In some later American decisions, however, there is a tendency to stress the military point of view. The absolute rule which holds the soldier responsible if the order turns out in fact to have been unlawful is qualified in these decisions. They tend to grant immunity if the soldier obeyed an order which was not “palpably” illegal. Whatever may be the practice in military tribunals, it cannot be said that the true American judicial rule has as yet been definitely settled.

The English View

Under English law a soldier has a somewhat more favorable position than under most American decisions.

A leading case in English legal history is that of Regina v. Smith. During the Boer War a patrol of British soldiers, sent out on a dangerous mission, had an argument with a native who hesitated to find a bridle for them. Smith, one of the soldiers, under orders of his superiors, killed the native on the spot. After the war, a special court tried Smith for murder and acquitted him. The court said, “I think it is a safe rule to lay down that if a soldier believes he is doing his duty in obeying commands of his superior, and if the orders are not so manifestly illegal that he must or ought to have known they were unlawful, the private soldier would be protected by the orders of his superior officer.”

The German View

In the Llandovery Castle case the submarine officers Dithmar and Boldt claimed that they were carrying out their superior’s command to sink the lifeboats. The German Supreme Court turned a deaf ear to their plea and declared, “Military subordinates are under no obligation to question the order of their superior officers, and they can count upon its legality. But no such confidence can be held to exist if such an order is universally known to everybody, including also the accused, to be without any doubt whatever against the law. … They should, therefore, have refused to obey. As they did not do so, they must be punished.”

A Suggested Rule

What seems to be needed, according to some students of the problem, is a rule that will serve as a check upon extreme brutality and at the same time take account of the soldier’s peculiar position “between the devil and the deep blue sea.”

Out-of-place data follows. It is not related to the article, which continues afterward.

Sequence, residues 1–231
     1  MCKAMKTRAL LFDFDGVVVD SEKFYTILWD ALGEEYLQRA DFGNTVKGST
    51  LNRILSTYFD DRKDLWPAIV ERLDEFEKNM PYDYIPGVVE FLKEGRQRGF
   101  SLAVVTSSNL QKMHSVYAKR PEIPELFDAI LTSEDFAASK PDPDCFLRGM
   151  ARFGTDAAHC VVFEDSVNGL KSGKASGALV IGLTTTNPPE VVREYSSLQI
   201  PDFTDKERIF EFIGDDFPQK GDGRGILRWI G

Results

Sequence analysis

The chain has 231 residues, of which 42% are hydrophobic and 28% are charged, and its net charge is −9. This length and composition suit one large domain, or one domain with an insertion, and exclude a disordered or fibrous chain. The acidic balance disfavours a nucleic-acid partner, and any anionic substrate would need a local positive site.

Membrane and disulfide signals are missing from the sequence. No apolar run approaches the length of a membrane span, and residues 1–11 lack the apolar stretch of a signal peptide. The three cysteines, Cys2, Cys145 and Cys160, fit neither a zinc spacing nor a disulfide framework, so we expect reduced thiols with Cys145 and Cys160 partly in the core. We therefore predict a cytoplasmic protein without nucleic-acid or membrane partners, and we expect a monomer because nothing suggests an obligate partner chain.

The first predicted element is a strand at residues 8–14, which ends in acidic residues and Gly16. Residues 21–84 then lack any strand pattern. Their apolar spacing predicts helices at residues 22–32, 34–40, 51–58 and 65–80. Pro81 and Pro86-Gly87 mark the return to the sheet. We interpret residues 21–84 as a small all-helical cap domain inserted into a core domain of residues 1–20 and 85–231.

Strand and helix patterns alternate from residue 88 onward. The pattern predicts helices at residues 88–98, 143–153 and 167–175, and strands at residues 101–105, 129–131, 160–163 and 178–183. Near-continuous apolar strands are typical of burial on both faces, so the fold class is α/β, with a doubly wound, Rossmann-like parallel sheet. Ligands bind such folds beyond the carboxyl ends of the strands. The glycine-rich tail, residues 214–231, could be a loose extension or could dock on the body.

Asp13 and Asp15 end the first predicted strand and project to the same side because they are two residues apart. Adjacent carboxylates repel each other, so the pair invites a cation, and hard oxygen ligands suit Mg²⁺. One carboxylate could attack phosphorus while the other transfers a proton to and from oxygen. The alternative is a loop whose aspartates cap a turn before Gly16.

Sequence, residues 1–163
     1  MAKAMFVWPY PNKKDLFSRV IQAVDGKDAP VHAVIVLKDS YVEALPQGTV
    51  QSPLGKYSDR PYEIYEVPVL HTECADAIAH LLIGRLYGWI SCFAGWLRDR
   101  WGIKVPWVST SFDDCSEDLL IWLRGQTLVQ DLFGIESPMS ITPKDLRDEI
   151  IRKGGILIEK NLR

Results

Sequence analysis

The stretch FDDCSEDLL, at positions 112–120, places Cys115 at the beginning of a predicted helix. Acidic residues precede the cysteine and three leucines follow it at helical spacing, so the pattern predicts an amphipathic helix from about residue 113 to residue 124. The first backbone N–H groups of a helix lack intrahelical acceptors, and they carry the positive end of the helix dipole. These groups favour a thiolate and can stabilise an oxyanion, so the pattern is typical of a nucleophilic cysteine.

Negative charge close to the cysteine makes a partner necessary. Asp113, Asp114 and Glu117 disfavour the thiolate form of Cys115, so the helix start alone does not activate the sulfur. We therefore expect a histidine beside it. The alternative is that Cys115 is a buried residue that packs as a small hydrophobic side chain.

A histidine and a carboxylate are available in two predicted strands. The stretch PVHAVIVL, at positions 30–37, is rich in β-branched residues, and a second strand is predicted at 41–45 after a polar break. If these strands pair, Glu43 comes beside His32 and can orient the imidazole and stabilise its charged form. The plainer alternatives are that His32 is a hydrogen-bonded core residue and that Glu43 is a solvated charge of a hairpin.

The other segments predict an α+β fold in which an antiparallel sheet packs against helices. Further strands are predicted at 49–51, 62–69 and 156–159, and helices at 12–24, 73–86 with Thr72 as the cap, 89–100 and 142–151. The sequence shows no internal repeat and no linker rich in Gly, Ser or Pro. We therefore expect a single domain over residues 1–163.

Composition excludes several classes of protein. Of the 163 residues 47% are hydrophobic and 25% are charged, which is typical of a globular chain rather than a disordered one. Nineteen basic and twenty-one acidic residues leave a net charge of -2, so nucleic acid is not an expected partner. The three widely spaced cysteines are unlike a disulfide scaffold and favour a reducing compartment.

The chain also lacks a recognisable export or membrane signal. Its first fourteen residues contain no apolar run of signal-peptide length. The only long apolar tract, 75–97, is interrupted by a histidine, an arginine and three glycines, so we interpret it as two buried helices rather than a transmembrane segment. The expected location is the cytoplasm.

The following rule has been suggested for adoption by an international criminal court as most nearly meeting these requirements (assuming, of course, that it is supplemented by a sound sentencing policy): The act of a soldier in obedience to a military order of his superior is not justifiable if, when he committed it, he either actually knew or, under the circumstances, had reasonable grounds for knowing that the act ordered is illegal either under the laws and customs of warfare or under the criminal law of his country; and when the two systems clash, the former shall prevail.

The final proviso is included because otherwise the most lawless nations could easily whitewash their soldiers for the most flagrant violations of the law of nations by simply declaring their acts, if done against the enemy, to be always lawful under their own law. Normally, the law to be applied in order to determine the illegality of the order that resulted in atrocities would have to be the law of the accused man’s country. He could not be expected to know the law of the enemy nation that prosecutes him. However, the laws and customs of war, as well as the ordinary principles of criminal law, are generally known and applicable in Germany, Japan, and other Axis countries. Incidentally, a non-German court can legitimately ignore some of the Nazi legislation—such as that which denies legal status to Jews and other “non-Aryans”—because it is so contrary to the elementary principles of justice and fair play. While a sovereign nation is free to adopt any legislation it sees fit, the family of civilized nations is not bound to recognize the erratic Nazi laws.

A rule such as that described above can avoid harsh results if the sentencing procedure after conviction makes allowances for the rank of the accused and if his punishment is lessened in certain circumstances, such as the following: he was not entirely a free agent; there was no way for him to know definitely that he was violating the laws and customs of legitimate warfare; the illegal order was obeyed under stress, at a period of great danger, during hostilities, or the like; the command required instant obedience in carrying out an act that could not be postponed.

If these considerations were applied, many ordinary soldiers would get off with nominal or slight punishment, while officers who had more knowledge of the law and greater freedom of action would be punished more severely. The defense of superior orders and supplementary leniency should, however, perhaps not apply to the various private Nazi militias, such as the Elite Guards and Storm Troopers. Even if it should turn out that they had been made part of the German army by law or decree, they clearly do not deserve the usual protection accorded to soldiers. They originated as private volunteer corps, and at least in a general way their members knew when they enlisted of the crimes that were expected of them.

Next section: How Shall the Guilty Be Punished?